SALISBURY – Gov. Charlie Baker on Thursday ordered the closure – effective midnight Friday – of parking lots at all coastal beach reservations managed by the Department of Conservation and Recreation, including Salisbury Beach State Reservation and Sandy Point on Plum Island, to reduce congestion on state beaches.
A DCR press release said the gate to Sandy Point, 77 acres on the southern tip of Plum Island, will be closed, barring access to 50 parking spaces.
The announcement comes as Newbury and Newburyport officials mull ways to prevent crowding on other Plum Island beaches as a way of reducing the spread of COVID-19.
Newburyport Mayor Donna Holaday announced the closure of the North Point parking lot to visitors earlier this week while Newbury Emergency Management Director Michael Reilly said he was considering similar restrictions to ensure people don't flock to the Newbury portion of Plum Island beaches when warmer temperatures return.
Salisbury Town Manager Neil Harrington could not be reached for comment on his town's plan for its beaches, apart from the state-controlled portion.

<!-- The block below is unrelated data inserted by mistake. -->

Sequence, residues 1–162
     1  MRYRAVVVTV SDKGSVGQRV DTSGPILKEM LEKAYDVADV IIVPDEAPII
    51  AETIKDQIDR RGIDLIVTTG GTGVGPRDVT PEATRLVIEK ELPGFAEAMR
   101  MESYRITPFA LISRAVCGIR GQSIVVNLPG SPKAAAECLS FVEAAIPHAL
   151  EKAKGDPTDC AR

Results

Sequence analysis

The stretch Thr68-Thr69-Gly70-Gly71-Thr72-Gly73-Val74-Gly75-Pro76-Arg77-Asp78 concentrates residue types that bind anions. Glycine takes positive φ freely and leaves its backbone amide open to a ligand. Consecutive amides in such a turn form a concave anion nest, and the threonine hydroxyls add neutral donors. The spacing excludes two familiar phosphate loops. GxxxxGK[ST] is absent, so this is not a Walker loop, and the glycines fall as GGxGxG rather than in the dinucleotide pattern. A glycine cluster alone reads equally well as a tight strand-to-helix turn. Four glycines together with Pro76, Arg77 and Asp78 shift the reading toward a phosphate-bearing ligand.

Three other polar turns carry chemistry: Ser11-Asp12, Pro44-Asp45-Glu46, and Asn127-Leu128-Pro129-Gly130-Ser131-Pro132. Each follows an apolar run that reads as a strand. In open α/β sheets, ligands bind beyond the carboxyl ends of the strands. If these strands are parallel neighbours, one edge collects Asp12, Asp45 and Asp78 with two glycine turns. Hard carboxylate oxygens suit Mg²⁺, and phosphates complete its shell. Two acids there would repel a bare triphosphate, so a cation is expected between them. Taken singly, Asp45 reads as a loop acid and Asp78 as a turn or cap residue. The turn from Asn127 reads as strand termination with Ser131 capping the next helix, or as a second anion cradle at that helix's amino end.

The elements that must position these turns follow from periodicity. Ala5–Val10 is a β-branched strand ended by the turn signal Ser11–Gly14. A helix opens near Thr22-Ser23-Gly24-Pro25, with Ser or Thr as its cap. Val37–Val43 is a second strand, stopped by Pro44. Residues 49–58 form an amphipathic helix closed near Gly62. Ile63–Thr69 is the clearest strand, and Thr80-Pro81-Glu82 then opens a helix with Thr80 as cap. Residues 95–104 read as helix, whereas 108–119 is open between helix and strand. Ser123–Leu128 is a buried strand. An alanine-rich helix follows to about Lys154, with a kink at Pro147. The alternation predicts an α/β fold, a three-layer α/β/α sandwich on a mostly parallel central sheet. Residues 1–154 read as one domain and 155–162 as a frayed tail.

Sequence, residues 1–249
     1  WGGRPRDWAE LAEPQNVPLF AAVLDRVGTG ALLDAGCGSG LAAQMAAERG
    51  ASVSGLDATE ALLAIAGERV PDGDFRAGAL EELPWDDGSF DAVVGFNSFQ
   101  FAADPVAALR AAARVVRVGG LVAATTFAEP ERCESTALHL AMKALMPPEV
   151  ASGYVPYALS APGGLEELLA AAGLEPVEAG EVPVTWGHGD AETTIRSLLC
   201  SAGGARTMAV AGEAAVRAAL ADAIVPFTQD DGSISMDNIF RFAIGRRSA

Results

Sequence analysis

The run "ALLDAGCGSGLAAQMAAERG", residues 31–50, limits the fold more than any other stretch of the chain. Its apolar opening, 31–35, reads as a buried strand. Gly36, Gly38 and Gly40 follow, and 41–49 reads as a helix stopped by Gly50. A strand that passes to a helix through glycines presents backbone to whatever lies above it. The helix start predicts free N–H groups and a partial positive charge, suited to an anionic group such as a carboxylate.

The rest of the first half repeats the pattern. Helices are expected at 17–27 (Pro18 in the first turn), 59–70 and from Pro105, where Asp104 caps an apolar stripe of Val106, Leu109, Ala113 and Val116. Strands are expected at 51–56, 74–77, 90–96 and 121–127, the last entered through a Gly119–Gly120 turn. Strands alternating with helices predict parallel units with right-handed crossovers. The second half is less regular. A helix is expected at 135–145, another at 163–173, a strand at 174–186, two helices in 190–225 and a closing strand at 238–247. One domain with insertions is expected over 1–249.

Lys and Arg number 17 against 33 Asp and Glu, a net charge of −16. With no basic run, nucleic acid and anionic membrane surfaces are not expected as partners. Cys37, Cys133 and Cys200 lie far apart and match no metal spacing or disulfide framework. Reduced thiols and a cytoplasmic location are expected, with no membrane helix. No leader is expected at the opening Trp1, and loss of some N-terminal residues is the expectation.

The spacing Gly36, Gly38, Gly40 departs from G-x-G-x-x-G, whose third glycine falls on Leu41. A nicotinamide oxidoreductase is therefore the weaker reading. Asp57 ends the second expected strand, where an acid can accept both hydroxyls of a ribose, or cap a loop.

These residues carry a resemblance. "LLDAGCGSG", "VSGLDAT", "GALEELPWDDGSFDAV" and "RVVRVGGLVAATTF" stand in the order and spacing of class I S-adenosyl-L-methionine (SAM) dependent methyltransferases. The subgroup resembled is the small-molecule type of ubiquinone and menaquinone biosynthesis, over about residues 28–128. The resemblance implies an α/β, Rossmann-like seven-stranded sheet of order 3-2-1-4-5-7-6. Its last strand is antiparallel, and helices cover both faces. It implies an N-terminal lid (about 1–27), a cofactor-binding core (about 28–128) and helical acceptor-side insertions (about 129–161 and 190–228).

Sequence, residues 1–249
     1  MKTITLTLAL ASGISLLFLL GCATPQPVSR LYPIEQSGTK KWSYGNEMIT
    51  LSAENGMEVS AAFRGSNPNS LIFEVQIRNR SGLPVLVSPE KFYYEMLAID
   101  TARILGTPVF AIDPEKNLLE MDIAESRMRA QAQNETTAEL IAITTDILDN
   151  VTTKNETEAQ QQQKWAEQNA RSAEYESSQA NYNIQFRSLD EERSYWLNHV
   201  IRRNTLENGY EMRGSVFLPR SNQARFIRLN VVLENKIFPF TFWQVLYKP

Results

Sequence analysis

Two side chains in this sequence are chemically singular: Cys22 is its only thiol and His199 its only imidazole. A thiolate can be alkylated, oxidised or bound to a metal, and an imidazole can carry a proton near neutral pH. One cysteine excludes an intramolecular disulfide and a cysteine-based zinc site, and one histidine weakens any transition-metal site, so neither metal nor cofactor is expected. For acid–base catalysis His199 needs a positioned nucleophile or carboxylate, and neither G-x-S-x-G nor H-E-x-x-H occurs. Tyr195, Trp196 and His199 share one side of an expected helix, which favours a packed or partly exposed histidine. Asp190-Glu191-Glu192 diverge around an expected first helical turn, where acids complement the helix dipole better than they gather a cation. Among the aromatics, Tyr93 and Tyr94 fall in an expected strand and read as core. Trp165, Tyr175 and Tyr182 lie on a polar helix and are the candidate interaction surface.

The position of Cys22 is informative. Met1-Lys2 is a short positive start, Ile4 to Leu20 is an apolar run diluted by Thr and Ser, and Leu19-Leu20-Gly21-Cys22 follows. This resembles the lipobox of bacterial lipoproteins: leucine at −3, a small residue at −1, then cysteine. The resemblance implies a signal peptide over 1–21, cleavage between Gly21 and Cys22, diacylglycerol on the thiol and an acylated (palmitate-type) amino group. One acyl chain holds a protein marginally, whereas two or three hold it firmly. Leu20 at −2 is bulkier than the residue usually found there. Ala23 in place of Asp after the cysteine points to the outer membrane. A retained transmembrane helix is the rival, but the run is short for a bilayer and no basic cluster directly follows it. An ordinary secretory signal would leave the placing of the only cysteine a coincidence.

A large portion of beach on Plum Island is within the Parker River National Wildlife Refuge. That beach and all boardwalks except at Parking Lot 1, which provide beach access, were closed April 1 to protect nesting piping plovers.
In making the announcement Thursday, the DCR said even though parking lots will be closed, the coastal beaches would be open "to pedestrians for transitory use," such as walking, jogging, biking and "solitary fishing."
The state said some seasonal state parks will open early and others will expand access "to provide additional open space opportunities for residents to enjoy and alternatives to popular state parks throughout the commonwealth."
None of the parks listed are on the North Shore. Expanded openings will include state parks in Hopkinton, Hingham, Natick and Feeding Hills. Early openings are planned at state forests or parks in West Townsend, Ashland, Rutland, Gardner and Pittsfield.
The DCR’s agency-owned ice rinks, visitor centers, campgrounds, playgrounds, fitness, athletic fields, athletic courts, golf courses and bathrooms will remain closed until at least May 4.
The state is also limiting the number of parking spaces available at certain high-visitation state parks. The DCR stressed that if a park is crowded, visitors should consider visiting another site or returning at a later date or time.
To centralize COVID-19 updates that affect the state parks system, the department recently developed a Massachusetts State Parks COVID-19 Updates webpage: www.mass.gov/info-details/massachusetts-state-parks-covid-19-update.